If you need to give someone legal authority to make decisions on your behalf, you will need to create a power of attorney.
A Power of Attorney is a legal document that gives someone (the attorney) the authority to make decisions on behalf of another person (the principal).
It can be used in a range of situations, from temporary overseas absences to planning for potential incapacity due to age or illness.
The Powers of Attorney Act 2014 (Vic) is the key legislation that governs Powers of Attorney in Victoria.
A Power of Attorney is used in various circumstances including:
In Victoria, there a three main types of Power of Attorney:
A General Power of Attorney is a legal document that gives one or more persons the authority to make financial and legal decisions on behalf of another person.
These are typically used in circumstances where the principal needs someone to manage their financial affairs for a specific period or event.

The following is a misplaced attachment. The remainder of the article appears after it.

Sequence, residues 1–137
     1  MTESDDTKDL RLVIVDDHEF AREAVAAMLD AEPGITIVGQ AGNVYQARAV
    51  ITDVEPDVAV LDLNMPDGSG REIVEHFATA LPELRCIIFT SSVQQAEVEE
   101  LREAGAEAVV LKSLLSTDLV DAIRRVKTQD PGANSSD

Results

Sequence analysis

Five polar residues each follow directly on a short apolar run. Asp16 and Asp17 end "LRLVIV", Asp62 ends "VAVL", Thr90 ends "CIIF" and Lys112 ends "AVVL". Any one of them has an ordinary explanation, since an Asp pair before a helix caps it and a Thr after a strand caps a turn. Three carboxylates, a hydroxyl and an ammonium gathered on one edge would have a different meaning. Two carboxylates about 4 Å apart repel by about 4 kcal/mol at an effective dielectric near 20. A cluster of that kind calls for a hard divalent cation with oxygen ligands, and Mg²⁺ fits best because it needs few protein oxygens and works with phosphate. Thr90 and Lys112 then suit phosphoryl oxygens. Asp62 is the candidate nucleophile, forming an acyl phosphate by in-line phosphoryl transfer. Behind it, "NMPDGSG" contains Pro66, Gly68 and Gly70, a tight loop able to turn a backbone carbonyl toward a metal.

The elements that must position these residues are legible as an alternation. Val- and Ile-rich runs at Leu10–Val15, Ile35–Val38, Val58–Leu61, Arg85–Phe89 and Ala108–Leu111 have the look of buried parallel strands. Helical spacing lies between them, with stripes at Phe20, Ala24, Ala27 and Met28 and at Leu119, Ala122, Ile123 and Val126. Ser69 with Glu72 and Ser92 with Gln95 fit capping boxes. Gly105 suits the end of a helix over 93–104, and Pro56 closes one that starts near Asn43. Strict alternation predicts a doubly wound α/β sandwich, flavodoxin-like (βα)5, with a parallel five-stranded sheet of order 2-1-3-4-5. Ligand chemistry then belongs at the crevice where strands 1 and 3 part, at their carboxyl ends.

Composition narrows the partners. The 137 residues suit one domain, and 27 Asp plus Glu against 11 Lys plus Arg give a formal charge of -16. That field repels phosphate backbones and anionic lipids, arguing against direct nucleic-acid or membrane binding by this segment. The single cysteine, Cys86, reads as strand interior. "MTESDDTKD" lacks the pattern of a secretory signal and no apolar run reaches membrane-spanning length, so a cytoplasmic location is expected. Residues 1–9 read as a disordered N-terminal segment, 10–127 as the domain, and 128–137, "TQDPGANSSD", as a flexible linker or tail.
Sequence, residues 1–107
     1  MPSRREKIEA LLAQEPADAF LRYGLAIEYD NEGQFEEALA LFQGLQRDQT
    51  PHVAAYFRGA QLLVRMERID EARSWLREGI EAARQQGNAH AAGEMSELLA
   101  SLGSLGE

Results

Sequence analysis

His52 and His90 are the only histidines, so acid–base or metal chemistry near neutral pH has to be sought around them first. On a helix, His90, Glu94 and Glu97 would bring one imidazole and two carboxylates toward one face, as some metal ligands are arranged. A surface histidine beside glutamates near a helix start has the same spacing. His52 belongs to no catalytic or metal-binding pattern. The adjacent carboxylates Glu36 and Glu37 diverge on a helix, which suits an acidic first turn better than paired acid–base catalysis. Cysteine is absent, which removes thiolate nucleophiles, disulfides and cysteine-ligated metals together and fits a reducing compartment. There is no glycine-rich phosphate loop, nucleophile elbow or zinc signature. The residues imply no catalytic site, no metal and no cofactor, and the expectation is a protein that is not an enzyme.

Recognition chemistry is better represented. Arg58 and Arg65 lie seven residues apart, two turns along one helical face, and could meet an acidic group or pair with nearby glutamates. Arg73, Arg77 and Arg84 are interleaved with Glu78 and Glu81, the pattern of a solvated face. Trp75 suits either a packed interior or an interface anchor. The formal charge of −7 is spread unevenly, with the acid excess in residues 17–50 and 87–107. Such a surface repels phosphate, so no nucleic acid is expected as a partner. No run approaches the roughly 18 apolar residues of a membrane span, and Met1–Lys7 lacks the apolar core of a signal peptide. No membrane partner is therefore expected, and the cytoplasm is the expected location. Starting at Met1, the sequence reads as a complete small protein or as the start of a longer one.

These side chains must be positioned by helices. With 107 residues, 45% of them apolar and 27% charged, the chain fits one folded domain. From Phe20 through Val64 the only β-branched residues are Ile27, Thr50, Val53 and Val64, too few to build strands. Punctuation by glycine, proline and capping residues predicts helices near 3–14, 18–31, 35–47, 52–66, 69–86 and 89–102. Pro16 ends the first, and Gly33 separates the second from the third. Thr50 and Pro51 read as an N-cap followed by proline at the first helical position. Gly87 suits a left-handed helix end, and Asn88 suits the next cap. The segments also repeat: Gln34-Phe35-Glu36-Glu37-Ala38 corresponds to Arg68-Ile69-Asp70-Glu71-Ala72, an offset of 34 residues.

For example, if the principal is planning to be overseas or unable to manage their affairs for a period of time, they can use a General Power of Attorney to give someone else the power to manage their finances and legal matters during their absence.
The powers granted to the attorney can be broad or limited, depending on the principal’s needs and preferences. They might include the power to operate the principal’s bank accounts, pay the principal’s bills, and buy or sell real estate on the principal’s behalf.
It is important to note that a General Power of Attorney does not give the attorney the power to make personal, lifestyle or medical decisions for the principal, and a General Power of Attorney is not valid if the principal loses their mental capacity to make their own decisions.
An Enduring Power of Attorney is a legal document where one person appoints another person or people to make decisions on their behalf about financial and personal matters. However, medial decisions cannot be made under the Enduring Power of Attorney.